$10k Cash


#1

Hi Guys. About 15 years ago, I spent half of my life on these forums and learned SO much! Life happened, and here I am back again. I’ve had rental homes in the interim, and was successful with them (yay me!)

NOW I have an opportunity to put my love of creative real estate investing to work.

~I have a debt of $30k (a loan in my mom’s name) that requires $1k/month payment.

~I have $10k - $13k in cash. This is about a year’s worth of payments, and is my security ‘blanket’.

~~~How is the best way to leverage my cash to pay this debt off?! ~~~
The ideas I’ve had are:
Buy a property from a desperate seller (how do I find one quickly?) with $30k automatic equity
OR
Buy a property with little to no fix up required, owner financing with my $10k down payment, that nets me $1000 per month to make payment.

Thanks y’all. I know y’all will have a great idea! And much faster than I would!

m.


#2

Investing $10K cash in a rental

If your’re paying $12k/year on a 30k loan, that a very high interest rate, unless you’re also paying off principal. Then if you’re dropping everything you’ve got into a rental, no reserves, you’re only asking for trouble, big trouble, if the tenant doesn’t pay the rent.

I own rentals for over 30 years, and you can probably pick up a property somewhere for 100K, with 10K down, $1,500/month rent, if you can get a 90K mortgage at the best rates, around 4%, you’ll net close t $1,000 give or take. Keep in mind you’ll have taxes, repairs, vacancies and so on that can get you into trouble.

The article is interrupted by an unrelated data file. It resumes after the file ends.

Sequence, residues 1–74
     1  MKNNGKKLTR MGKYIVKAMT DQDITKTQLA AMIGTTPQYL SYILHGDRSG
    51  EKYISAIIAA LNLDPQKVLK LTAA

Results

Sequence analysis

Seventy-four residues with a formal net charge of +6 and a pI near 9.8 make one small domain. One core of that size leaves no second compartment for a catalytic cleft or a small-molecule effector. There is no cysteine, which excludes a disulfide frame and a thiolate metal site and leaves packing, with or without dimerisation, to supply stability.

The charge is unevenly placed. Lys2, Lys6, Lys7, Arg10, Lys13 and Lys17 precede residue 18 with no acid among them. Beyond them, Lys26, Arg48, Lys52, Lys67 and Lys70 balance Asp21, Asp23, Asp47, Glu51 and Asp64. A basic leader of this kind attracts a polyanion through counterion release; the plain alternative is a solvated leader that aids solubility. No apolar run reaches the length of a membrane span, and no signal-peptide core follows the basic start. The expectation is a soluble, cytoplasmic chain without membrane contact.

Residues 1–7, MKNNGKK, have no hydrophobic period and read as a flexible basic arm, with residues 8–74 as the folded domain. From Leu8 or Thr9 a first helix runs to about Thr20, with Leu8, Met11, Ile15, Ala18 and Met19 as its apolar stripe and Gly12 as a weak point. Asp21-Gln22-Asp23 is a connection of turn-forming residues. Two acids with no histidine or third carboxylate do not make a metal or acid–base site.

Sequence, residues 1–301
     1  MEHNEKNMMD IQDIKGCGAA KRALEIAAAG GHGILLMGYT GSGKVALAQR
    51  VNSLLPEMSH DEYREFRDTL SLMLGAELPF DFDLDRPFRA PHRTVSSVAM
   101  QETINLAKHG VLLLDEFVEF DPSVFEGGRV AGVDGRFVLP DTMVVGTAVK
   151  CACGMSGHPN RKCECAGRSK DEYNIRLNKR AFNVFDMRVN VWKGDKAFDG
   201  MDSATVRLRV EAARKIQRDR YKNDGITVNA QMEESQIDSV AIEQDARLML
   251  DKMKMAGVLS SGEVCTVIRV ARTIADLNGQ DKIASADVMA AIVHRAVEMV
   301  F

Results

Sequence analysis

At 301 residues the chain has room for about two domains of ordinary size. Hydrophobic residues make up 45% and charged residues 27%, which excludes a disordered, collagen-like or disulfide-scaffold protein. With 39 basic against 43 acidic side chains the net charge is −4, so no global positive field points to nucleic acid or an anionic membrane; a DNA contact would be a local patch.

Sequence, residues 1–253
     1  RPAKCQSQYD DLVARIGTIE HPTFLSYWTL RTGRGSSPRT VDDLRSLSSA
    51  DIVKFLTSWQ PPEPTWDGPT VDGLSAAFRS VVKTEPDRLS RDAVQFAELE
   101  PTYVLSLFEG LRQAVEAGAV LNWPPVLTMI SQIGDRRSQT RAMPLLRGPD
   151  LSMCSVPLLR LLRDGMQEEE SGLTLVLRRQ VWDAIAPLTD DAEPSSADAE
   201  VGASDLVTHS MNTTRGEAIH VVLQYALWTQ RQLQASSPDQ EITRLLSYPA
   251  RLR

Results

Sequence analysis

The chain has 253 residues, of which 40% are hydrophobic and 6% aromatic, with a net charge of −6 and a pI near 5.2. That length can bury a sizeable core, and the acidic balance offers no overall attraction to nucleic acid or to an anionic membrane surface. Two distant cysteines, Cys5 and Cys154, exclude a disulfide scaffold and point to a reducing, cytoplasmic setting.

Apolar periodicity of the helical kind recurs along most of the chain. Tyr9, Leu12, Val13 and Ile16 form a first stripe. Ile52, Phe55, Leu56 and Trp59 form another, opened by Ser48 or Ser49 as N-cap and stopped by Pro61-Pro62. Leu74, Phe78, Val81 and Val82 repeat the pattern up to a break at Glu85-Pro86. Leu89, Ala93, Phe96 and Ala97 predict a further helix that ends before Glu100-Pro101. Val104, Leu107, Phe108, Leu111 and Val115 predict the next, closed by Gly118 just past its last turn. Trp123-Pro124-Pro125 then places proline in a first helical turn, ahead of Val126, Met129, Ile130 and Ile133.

I don’t know how good your credit is, where you are located, so what I’m saying is that it’s borderline even under the best circumstances.


#3

Thank you Frank. The interest rate is actually in the 5 range, and minimum payments are around $850, but I always pay an even $1000. So yes, principal is being depleted.

I see your point about the slim margins. I appreciate your spelling it out. I will look, though, for a foreclosure or something with lots of equity. Might be hard to do… our market here in the SE is fairly strong right now.

I appreciate your time.


#4

Investing in Foreclosures

I dabbled around with foreclosures, but I will only do it at the bottom of the real estate cycles. Currently, as you pointed out, it is not.

The home I live in was a bank foreclosure, which I picked up at auction, at the bottom of the last cycle here in 1993 for 210K. FMV back then was 310K. Market peaked here in 2007 and FMV rose to 850K. Someone bought a house 2 doors down from me in 1994 for 310K, after 2 flippers made good money on it between 1993 and 1994, going from $150K to 310K in a period of 10 months. He sold it for 850K in 2007.

In 2008, the market crashed here and FMV for my home went down to 630K, then recovered last several years. It currently stands at a bit over $1MM.

Bought 2 more condos out of state foreclosures in 1992 in MA. In 1992-1993, the real estate section in the NY Times has 2 pages each week full of foreclosures. I went to foreclosure auctions weekly, sometimes several a day. Sometimes you luck out where you’re the only bidder showing up. I was at several.

The best story I heard was at the MA condo I owned. One unit was sold at a bank foreclosure auction, held on site, and the owner’s brother was the only one showing up out of curiosity. These condos originally sold for 110K new. For this auction, highest bidder wins, seller cannot back out, and his bid was only 8K. So this guy bid for the fun of it, was shocked his bid was accepted because he was the only one there, and he paid the 8K via his credit card.

So yes, foreclosures can be profitable if timed right.


#5

Spend it on marketing

Spending your last 10k on a down payment is a terrible idea.

Spend half of it on marketing. Postcards, letters, etc. That would undoubtedly find you 1/2 dozen good deals that don’t require much money down (or maybe the 5k you have left, for quick paint and carpet, which you’ll recoup on resale). Wholesale the properties you get from this first mailing, and you’ll easily have 50k before you know it.